In my country graduate students don't follow an academic calender, and start any day of the year. So there is minimal effect on the lab when September comes - research generally continues as usual. As a graduate student I was pretty indifferent to the beginning of the (undergraduate) academic year.

On the other hand, most people take summer vacation at some point, and September is the time when everyone is usually back, feeling refreshed and ready to work again. So it can be a very productive and exciting time from a research perspective.

I teach more these days and am therefore more in tune with the courses start in September, but then new courses also start in November and January and April, so September is not so special.

However, I must say there is a certain feeling in the air as the city fills up again after vacation - a sense that the summer is over, that lazy warm sunny days are coming to an end. This comes with a certain melancoly feeling, along with the need to stand in line in stores again and make restaurant reservations.

So I would say it is a bit of everything - indifference together with excitement and a bit of sadness.

Anonymous said...

I'd be really interested to know the reasons for the distribution. Right now it's bimodal. For me, I clicked "equal parts thrill and gloom" because while the start of school is shiny and new, I need to finish a thesis and apply for jobs in the next few months. Thrill & gloom: are these people scared by the transitions the start of the academic year brings, or do they just really miss summer?

CJ said...

This year I don't really seem to care. Mostly I would rather the undergrads not show up and crowd my nice quiet campus. I'm not TAing or taking classes, so there's really nothing interesting about the new year. Except I'm one year older and we might get some new labmates.

Kevin said...

Although classes don't start here for 2 more weeks, and there is a facullty walkout and staff strike planned for the first day of classes (STUPID timing---participation would have been double if it had been the 2nd week of class), I'm still looking forward to the new year.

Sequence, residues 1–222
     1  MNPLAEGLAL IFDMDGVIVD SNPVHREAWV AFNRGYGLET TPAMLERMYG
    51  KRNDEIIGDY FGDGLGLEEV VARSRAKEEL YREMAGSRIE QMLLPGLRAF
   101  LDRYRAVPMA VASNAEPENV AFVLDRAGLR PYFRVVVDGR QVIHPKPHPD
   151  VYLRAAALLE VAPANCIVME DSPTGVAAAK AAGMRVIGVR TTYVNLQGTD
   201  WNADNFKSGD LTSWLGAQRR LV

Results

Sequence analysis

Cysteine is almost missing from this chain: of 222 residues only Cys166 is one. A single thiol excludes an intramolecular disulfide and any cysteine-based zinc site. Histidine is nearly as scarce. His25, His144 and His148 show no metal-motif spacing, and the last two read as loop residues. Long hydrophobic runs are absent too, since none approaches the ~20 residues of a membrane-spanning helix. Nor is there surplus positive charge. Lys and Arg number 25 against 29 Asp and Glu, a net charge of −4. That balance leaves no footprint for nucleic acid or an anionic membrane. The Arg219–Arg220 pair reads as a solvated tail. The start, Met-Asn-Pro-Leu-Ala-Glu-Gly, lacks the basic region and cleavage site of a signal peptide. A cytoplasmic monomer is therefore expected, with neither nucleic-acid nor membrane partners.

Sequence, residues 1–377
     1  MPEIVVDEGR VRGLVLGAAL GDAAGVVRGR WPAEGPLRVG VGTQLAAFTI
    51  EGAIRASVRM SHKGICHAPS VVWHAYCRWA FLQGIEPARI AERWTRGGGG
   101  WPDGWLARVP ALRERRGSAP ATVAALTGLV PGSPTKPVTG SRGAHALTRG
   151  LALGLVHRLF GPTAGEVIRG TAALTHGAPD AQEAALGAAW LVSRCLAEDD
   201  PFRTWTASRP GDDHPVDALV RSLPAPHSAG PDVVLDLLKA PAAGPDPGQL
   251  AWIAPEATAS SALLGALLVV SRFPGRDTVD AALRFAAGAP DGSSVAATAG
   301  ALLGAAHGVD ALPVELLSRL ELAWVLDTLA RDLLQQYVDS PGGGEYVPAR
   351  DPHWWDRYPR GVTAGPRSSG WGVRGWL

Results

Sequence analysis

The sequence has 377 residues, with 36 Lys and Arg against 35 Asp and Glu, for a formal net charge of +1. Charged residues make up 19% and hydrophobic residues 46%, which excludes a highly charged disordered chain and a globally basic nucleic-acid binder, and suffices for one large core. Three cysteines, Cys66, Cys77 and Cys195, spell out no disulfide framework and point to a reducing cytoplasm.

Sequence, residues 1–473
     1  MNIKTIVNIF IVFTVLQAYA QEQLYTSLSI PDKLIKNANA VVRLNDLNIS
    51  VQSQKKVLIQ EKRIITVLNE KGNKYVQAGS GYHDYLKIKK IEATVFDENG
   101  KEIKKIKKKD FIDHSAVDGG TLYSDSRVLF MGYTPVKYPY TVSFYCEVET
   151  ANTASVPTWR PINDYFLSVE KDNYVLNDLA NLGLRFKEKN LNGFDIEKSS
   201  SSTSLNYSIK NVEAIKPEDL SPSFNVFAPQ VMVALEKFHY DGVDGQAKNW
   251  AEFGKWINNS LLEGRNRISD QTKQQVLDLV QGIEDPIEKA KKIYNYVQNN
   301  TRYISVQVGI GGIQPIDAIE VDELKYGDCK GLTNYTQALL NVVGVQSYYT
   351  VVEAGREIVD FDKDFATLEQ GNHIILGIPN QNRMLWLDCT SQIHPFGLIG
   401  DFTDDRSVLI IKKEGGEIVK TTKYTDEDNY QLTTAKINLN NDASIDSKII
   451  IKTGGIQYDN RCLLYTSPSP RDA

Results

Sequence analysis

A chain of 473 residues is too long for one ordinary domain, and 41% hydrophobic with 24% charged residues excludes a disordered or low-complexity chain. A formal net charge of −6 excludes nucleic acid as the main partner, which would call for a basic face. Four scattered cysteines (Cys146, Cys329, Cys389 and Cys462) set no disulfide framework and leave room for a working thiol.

I've been very busy preparing for classes, as I have a new class I've never taught before, and I'm revamping the core course for the seniors and new grads. The revamped class is using a different programming language, which I have been busy teaching myself, so that I can do all the homework assignments in it and rewrite them all. I've got 3 classes this fall, so I probably won't get much research done.

Anonymous said...

SO EXCITED about the cooler weather coming. First night with highs in the 40's happened the other week.

NOT SO EXCITED about how research is proceeding at the moment. But I'm think it's a temporary funk, and I am making progress, however incremental...

Anonymous said...

What *is* it about faculty meetings that take all the joy out of everything?

Anonymous said...

"What *is* it about faculty meetings that take all the joy out of everything?"

Yeah, when our department announced that they were forced to cancel the 2-day long faculty retreat because of budget cuts, that was one reduction I wasn't sorry to see!

EliRabett said...

September would be much better. Many of the most interesting non-US conferences are in September when we are already back, many of the most interesting US ones in June/May when the Europeans are still in their Spring semester. It would be good to get on the same page.

Anne said...

It's my first year as a PhD student (in Chemical Biology), but I've been working here all summer so nothing is exactly new, except my handful of classes. But I'm in a great lab with a brilliant PI and exciting research, so I'm really thrilled about that and moving my work forward. However, the onset of classes and other distractions means less time in the lab, which is actually quite disappointing! Nevertheless, I'm really happy to be here - at a huge research university, coming from a tiny liberal arts college - and settling in quite well.

I do wish all the 30,000 undergrads would go away again though! I'm only 22 yet they already make me feel old and curmudgeony. :)